Scenes from Transatlantic Life

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Wesleyan Mission House, 1879 - 329 стор.
 

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Сторінка 206 - in his cups," Master Epps was a roystering, blustering, noisy fellow, whose chief delight was in dancing with his "niggers," or lashing them about the yard with his long whip, just for the pleasure of hearing them screech and scream, as the great welts were planted on their backs. When sober, he was silent, reserved and cunning, not beating us indiscriminately, as in his drunken moments, but sending the end of his rawhide to some tender spot of a lagging slave, with a sly dexterity peculiar to himself....
Сторінка 253 - ... My first impression was that she was some deranged young mistress, who, escaping from home, was wandering, she knew not whither, and had been attracted to my cabin by the sound of the violin. The coarse cotton slave dress she wore, however, soon dispelled such a supposition. "What is your name?" I again interrogated. "My name is Celeste," she answered. "I belong to Carey, and have been two days among the palmettoes. I am sick and can't work, and would rather die in the swamp than be whipped to...
Сторінка 29 - Now, let us thank the Eternal Power, convinced That Heaven but tries our virtue by affliction : That oft the cloud which wraps the present hour, Serves but to brighten all our future days ! [Exeunt omnes.
Сторінка 319 - ... not proceed farther with it. Defendant's counsel stated to the magistrate that if the complaint was withdrawn, it must be without the request or consent of the defendant. Burch then asked the magistrate to let him have the complaint and the warrant, and he took them. The counsel for the defendant objected to his receiving them, and insisted they should remain as part of the records of the court, and that the court should endorse the proceedings which had been had under the process. Burch delivered...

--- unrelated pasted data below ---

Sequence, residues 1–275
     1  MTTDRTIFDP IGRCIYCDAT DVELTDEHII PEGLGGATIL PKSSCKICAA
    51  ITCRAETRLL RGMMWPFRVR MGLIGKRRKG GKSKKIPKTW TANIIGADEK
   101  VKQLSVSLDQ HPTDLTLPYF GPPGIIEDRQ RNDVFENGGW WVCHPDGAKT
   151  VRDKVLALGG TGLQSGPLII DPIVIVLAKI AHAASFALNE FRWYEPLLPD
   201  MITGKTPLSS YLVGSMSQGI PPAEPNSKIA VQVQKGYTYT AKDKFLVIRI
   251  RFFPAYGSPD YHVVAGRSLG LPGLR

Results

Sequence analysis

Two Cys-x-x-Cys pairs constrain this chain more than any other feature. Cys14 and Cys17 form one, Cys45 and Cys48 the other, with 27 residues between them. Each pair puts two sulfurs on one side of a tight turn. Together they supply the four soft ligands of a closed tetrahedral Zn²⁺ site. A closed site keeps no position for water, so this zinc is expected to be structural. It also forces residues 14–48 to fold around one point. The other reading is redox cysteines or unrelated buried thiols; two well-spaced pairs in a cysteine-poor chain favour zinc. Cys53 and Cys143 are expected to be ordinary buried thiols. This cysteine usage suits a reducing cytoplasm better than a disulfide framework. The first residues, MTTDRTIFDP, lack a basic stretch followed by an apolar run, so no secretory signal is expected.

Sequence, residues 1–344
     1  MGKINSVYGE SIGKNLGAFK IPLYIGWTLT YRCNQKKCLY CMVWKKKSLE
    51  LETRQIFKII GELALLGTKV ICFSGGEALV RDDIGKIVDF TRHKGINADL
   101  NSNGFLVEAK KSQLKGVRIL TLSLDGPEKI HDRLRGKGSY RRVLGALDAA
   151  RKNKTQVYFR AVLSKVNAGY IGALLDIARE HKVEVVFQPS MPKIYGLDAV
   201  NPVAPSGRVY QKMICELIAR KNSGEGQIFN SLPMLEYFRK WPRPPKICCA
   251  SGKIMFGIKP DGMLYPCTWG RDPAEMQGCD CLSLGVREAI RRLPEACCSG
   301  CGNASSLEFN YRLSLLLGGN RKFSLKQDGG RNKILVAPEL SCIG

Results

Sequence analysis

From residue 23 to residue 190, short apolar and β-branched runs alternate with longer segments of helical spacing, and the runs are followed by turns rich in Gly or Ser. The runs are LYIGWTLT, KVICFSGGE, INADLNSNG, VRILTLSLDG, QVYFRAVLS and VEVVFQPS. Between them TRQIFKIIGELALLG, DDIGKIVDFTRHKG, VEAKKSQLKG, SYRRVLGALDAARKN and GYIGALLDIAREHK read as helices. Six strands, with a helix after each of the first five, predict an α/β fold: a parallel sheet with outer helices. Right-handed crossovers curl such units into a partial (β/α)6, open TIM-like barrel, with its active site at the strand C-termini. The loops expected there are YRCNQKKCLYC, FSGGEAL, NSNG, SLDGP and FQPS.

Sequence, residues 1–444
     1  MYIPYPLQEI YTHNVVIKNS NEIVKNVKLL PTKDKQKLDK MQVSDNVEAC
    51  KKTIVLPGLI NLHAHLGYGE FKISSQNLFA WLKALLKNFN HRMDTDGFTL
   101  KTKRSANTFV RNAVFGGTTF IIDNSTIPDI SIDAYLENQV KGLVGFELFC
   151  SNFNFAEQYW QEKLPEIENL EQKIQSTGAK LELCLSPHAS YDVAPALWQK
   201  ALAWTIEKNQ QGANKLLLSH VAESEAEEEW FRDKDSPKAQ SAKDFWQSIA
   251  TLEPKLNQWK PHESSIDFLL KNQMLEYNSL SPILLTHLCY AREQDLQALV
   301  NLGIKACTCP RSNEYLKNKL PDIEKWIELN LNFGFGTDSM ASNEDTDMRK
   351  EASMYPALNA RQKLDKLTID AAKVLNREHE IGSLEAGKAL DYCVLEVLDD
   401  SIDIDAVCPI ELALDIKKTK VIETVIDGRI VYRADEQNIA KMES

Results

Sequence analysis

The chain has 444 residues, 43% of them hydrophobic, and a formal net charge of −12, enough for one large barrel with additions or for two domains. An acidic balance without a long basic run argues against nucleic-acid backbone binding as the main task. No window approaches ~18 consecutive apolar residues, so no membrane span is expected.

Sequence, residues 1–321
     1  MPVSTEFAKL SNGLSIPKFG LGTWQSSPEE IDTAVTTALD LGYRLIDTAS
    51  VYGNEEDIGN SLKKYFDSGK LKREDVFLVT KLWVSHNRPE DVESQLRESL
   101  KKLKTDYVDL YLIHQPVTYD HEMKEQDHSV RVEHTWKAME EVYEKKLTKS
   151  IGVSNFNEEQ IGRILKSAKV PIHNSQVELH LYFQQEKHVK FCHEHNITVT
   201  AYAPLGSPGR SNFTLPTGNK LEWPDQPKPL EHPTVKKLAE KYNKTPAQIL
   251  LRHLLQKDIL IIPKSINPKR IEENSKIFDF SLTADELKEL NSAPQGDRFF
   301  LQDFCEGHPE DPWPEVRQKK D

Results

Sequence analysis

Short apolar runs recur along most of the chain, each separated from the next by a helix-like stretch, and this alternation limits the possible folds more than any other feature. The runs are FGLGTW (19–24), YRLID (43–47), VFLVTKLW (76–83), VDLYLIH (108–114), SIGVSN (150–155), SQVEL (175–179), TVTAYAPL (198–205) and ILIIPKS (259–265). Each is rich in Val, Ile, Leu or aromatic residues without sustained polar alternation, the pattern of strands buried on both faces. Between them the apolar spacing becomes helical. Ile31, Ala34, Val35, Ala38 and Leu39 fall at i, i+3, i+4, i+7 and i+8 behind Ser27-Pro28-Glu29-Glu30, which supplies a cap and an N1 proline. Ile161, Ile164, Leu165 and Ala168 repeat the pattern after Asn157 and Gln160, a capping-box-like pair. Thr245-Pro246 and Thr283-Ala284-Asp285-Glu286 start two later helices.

Сторінка 217 - I had a wife and children, as dear to me as his own babes to him, he only raved and swore, denouncing the law that tore me from him, and declaring he would find out the man who had forwarded the letter that disclosed the place of my captivity, if there was any virtue or power in money, and would take his life. He thought of nothing but his loss, and cursed me for having been born free. He could have stood unmoved and seen the tongues of his poor slaves torn out by the roots — he could have seen...
Сторінка 248 - And in his slave memoirs of life on a Louisiana cotton plantation in the mid-eighteen fifties, Solomon Northrup wrote, "My master often received letters, sometimes from a distance of ten miles, requesting him to send me to play at a ball of festival of the whites.
Сторінка 120 - The men had hat, coat, shirt, pants and shoes; the women frocks of calico, and handkerchiefs to bind about their heads. We were now conducted into a large room in the front part of the building to which the yard was attached, in order to be properly trained, before the admission of customers. The men were arranged on one side of the room, the women on the other.
Сторінка 195 - I'll bet him against a hundred dollars, he'll beat any nigger in Louisiana. I offered John David Cheney twenty-five dollars to catch him, dead or alive, but he outran his dogs in a fair race. Them Cheney dogs ain't much, after all. Dunwoodie's hounds would have had him down before he touched the palmettoes. Somehow the dogs got off the track, and we had to give up the hunt. We rode the horses as far as we could, and then kept on foot till the water was three feet deep. The boys said he was drowned,...
Сторінка 279 - I write to you, but the necessity of the case must be my excuse. Having been born free, just across the river from you, I am certain you must know me, and I am here now a slave. I wish you to obtain free papers for me, and forward them to me at Marksville, Louisiana, Parish of Avoyelles, and oblige Yours, Solomon Northup. The way I came to be a slave, I was taken sick in Washington City, and was insensible for some time. When I recovered my reason, I was robbed of my free-papers, and in irons on...
Сторінка 269 - Oh, that ain'ta supposable case," said Epps, still laughing; "hope you don't compare me to a nigger, Bass." "Well," Bass answered gravely, "no, not exactly. But I have seen niggers before now as good as I am, and I have no acquaintance with any white man in these parts that I consider a whit better than myself. Now, in the sight of God, what is the difference, Epps, between a white man and a black one...

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